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U Can: Statistics For Dummies by David Unger, Deborah J. Rumsey

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Chapter 20

Two-Way Tables and Independence

In This Chapter

arrow Setting up two-way tables with categorical variables

arrow Delving into marginal, joint, and conditional distributions

arrow Checking for independence and dependence

arrow Having perspective on the results of two-way tables

Categorical variables place individuals into groups based on certain characteristics, behaviors, or outcomes, such as whether you ate breakfast this morning (yes, no) or political affiliation (Democrat, Republican, Independent, “other”). Oftentimes people look for relationships between two categorical variables; hardly a day goes by that you don’t hear about another relationship that’s reported to have been found.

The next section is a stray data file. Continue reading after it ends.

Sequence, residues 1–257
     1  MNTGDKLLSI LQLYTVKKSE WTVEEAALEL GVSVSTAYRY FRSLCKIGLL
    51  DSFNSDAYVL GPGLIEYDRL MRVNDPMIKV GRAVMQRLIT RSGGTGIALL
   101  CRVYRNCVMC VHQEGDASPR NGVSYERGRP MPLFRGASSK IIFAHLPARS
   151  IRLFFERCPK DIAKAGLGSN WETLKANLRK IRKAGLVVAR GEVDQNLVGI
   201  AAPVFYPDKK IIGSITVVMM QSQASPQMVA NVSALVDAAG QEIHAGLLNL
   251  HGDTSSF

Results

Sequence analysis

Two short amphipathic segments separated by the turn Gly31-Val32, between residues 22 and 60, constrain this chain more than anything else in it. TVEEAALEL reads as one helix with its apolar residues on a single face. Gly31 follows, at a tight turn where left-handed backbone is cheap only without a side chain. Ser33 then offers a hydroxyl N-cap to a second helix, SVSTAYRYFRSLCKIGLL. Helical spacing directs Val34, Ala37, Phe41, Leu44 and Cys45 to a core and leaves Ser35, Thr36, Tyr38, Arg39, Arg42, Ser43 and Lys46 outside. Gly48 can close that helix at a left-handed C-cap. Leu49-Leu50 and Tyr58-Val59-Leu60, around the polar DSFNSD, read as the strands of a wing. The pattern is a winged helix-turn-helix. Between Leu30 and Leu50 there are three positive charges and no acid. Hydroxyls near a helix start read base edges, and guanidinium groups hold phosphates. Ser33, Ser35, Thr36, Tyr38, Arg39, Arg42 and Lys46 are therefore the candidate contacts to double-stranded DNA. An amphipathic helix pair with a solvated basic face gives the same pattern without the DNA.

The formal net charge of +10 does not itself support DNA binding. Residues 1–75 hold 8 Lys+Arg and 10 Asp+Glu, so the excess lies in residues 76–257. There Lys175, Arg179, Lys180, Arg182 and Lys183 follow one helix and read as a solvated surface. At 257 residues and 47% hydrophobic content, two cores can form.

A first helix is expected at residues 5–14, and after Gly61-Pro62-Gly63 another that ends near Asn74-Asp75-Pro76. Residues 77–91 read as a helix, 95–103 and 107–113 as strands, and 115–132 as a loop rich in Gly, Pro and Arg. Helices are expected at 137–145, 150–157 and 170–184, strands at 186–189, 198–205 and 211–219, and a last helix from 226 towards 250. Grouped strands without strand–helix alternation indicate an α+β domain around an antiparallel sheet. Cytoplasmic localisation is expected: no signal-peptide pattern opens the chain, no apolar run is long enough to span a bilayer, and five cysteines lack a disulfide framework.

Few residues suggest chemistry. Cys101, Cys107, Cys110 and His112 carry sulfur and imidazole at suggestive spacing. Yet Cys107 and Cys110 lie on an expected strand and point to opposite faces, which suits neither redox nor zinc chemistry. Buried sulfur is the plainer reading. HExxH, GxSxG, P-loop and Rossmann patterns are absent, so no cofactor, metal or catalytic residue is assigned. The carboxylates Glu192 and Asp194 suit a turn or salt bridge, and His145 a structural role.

Here are just a few examples we found on the Internet recently:

  • Dog owners are more likely to take their animal to the vet than cat owners.
  • Heavy use of social-networking websites in teens is linked to depression.
  • Children who play more video games do better in science classes.

With all this information being given to you about variables that are related, how do you decide what to believe? For example, does ...

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